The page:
The first herd of 12 Asian elephants that were formerly circus performers has arrived at White Oak Conservation, a refuge for rare species in Yulee.
They will be joined by up to 20 more former circus elephants as soon as additional areas of their new forest habitat are completed.
The 12 female elephants that have already arrived range from 8- to 38-years-old. They previously traveled with Ringling Bros., Barnum & Bailey Circus, which ended its use of elephants in 2017.
“We are thrilled to give these elephants a place to wander and explore,” said Mark and Kimbra Walter, the philanthropists who fund White Oak. “We are working to protect wild animals in their native habitats. But for these elephants that can’t be released, we are pleased to give them a place where they can live comfortably for the rest of their lives.”
To get to White Oak, the elephants were moved 200 miles in pairs in customized trucks. Throughout the journey, the elephants were accompanied by their veterinarians and animal care specialists.
Upon arrival, they were released into two large paddocks to acclimate, adjacent to a specially designed, climate-controlled barn where veterinarians and specialists monitored their health and well-being. The elephants have now ventured out of the paddocks into pine forests with ponds, wetlands and open grasslands.
White Oak Conservation continues to conduct limited scheduled tours due to the pandemic, but visitors cannot currently visit the elephants while eight additional habitats and two barns are under construction.
The area the elephants now inhabit is large enough that the elephants have various habitats and food species available. They can choose to stay near the barn and their human caregivers or wander in the woods, wallow in the mud or swim in the pond.
White Oak Conservation’s philosophy is to accommodate animals’ natural behavior and social bonds as closely as possible so family groups will be together.
This elephant group has been socialized together for the past several months, and includes two sets of full sisters and numerous half-sisters.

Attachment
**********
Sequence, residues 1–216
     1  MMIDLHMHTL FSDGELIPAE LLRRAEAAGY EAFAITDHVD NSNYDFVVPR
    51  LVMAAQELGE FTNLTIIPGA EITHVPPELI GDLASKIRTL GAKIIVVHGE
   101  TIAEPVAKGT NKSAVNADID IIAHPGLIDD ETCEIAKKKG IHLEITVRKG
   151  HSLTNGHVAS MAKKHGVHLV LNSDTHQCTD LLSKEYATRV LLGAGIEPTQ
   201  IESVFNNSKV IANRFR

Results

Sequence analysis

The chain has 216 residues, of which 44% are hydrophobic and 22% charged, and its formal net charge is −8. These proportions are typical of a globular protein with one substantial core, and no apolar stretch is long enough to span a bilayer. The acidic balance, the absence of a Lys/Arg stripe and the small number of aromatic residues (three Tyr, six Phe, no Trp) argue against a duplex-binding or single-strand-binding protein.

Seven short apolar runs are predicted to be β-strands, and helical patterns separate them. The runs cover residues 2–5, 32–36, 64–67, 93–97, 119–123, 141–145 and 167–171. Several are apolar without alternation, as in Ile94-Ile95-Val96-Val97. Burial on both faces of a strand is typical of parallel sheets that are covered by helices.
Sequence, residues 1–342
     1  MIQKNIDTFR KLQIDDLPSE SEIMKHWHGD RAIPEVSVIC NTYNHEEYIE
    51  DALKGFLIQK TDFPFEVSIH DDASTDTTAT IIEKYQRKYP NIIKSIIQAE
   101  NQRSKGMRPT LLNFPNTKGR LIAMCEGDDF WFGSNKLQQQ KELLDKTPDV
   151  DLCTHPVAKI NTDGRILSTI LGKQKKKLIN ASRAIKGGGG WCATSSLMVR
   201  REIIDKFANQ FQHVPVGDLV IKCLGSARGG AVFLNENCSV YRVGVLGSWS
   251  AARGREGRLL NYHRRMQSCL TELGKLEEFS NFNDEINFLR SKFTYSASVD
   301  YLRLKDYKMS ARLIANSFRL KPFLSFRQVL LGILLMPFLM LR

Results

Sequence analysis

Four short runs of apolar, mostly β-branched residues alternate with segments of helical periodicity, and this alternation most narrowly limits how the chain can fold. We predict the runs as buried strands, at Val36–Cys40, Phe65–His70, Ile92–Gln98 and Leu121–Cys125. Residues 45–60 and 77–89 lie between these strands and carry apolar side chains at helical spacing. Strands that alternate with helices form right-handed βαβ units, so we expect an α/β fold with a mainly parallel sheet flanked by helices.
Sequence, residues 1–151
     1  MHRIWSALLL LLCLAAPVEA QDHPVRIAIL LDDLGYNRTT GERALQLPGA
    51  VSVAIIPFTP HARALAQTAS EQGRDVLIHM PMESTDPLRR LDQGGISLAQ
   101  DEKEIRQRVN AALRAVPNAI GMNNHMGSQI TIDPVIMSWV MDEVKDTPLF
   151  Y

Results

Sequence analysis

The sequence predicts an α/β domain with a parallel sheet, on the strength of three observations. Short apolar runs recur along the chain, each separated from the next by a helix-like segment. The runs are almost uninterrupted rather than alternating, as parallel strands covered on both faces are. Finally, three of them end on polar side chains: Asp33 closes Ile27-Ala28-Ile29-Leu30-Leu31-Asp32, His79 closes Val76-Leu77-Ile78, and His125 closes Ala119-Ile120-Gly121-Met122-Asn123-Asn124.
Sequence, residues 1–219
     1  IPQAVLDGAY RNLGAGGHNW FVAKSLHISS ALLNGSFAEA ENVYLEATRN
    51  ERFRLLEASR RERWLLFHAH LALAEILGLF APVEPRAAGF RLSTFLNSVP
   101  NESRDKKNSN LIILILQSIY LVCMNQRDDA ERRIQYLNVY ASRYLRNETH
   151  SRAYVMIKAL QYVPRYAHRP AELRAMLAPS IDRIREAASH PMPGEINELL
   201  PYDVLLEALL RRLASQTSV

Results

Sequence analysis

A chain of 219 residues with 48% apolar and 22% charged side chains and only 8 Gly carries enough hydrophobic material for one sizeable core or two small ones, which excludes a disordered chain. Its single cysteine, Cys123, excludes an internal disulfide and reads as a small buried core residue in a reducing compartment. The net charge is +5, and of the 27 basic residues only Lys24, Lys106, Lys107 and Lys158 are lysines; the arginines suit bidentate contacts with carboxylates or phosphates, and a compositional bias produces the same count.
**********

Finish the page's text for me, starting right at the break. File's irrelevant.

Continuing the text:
Nick Newby, who leads White Oak’s expert team recruited to care for the elephants, has been getting to know the individual elephants and their habits for the past few years.
“Watching the elephants go out into the habitat was an incredible moment,” Newby said in an email sent to WJCT News. “I was so happy to see them come out together and reassure and comfort each other, just like wild elephants do, and then head out to explore their new environment. Seeing the elephants swim for the first time was amazing.”
“Elephants are such amazing creatures and we are pleased to give them a place where they will flourish,” said Michelle Gadd, who oversees the Walters’ conservation efforts. “It’s been fascinating to see the elephants take their first steps into this beautiful natural space. We are excited to watch them adapt to the great outdoors, tasting new plants, exploring new areas, experiencing new things.”
Asian elephants are endangered in the wild. Only 30,000 to 50,000 elephants remain in the wild in less than 15% of their historic range, according to White Oak Conservation. Where they do survive, they are threatened by habitat degradation and fragmentation, conflict with humans and poaching.
“In the last few years, everything has changed for these elephants for the better — from their retirement to the way they interact with humans and the space they have to roam,” said Steve Shurter, White Oak’s executive director. “For the first time in their lives, these elephants can choose where and how they want to spend their days.”